Companies go for synergy
While the concept of synergy often promises more than it delivers, some media companies that own alternative weekly papers and radio stations find the two operations can complement each other in small, but noticeable ways.
For example, while alt-weeklies often boast enviable demographics, they rarely attain a dominant market share. And while radio stations typically reach a wider audience, the obvious limits of the medium make it hard for them to air detailed ads and listings. However, if you package the two, you can get the proverbial best of both worlds.
Take Steel City Media, which operates Pittsburgh City Paper along with two FM radio stations. Vice President Michael Frischling says, “there is a lot of synergy” between the radio stations and the paper.
“There are certain attributes that print offers that radio doesn’t, and there are certain attributes that radio offers that print doesn’t,” he says.
Frischling says the City Paper reaches a young, active audience, while the two radio stations target an active, if slightly older audience. If you advertise on all three, he says, you’ll have all your bases covered.
“When you purchase all three you can reach nearly half the audience in Pittsburgh, which is a greater penetration than the daily,” he says.
Frischling says that when possible the company’s account executives offer incentives to advertise on all three outlets. In addition, the trio engages in cross promotion. For example, both radio stations and the paper helped promote the company’s Shady Side Arts Festival. In addition, the paper’s better-known writers appear on the radio stations, which can draw new readers to the paper, and all three outlets run ads for each other.
On the editorial side of the spectrum, synergy can be more elusive, especially since few radio stations nowadays generate their own local news.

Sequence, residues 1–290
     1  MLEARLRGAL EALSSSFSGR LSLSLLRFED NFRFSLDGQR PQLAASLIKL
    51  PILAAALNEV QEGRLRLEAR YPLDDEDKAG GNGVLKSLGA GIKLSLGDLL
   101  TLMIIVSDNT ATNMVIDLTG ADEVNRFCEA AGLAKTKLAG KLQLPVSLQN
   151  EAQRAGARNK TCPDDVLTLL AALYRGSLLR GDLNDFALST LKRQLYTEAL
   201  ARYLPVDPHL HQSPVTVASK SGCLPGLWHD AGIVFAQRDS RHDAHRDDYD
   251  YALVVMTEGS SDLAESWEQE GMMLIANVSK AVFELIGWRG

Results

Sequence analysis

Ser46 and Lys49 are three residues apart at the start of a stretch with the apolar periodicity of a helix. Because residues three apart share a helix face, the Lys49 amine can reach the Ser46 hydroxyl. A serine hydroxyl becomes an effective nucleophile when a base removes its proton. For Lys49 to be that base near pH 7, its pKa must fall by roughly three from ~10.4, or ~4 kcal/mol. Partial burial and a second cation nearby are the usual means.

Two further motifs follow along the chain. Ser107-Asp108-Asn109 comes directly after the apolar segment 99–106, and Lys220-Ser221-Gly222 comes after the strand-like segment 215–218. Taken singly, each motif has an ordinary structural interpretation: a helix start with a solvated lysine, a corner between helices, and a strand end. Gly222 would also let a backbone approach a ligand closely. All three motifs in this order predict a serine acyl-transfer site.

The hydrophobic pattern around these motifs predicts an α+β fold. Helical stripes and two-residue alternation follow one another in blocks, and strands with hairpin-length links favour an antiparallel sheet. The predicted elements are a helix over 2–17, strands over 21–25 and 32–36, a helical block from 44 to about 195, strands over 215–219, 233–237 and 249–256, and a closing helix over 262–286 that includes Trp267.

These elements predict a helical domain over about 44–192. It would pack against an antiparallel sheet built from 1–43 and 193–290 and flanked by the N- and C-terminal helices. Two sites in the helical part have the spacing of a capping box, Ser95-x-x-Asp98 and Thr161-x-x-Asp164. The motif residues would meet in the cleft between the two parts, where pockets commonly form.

Saga Communications, Inc., the new owner of The Octopus, a six-year-old non-AAN weekly paper in Champaign-Urbana, Ill., hope the three radio stations they own in central Illinois will help generate content for their still-fledgling print property.
Warren Lada, senior vice president of Saga, says the radio stations have a good news presence and that should help on the editorial side of the ledger.
Still Lada clearly expects the outlets will complement each other more on the business end of things. “There will be some synergy at least on a promotional and marketing basis, ” he says.
Phoenix Media Communications, which owns the Boston Phoenix and other alternative papers, also has under its umbrella a four-station radio network covering six markets in New England. After the terrorist attacks on Sept. 11, chief political writer Seth Gitell and media critic Dan Kennedy both appeared on the company’s radio network providing commentary on the breaking events. For the radio network, having the two top-shelf writers on air enabled it to provide more than just the standard coverage off the wire.
Even when there is no breaking news, the paper’s film critic, Peter Keough, and Senior Managing Editor Clif Garbodan both have weekly radio spots on the company’s radio network.
“On the obvious level in terms of news and public affairs, you have the ability to cross promote things,” says Peter Kadzis, editor-in-chief of the Phoenix Media Communications Group. “This benefits the paper the most.”
On the marketing and promotional side of the business, both the Phoenix and the radio network promote the paper’s “Best Music Poll” spring cover issue. For that feature, readers of the paper and radio listeners vote online for their favorite local and national music acts. All the outlets also promote various music concerts and series, including a wildly popular Green Day concert a few years back attended by 100,000 people.
Matt Pulle is a staff writer for the Nashville Scene.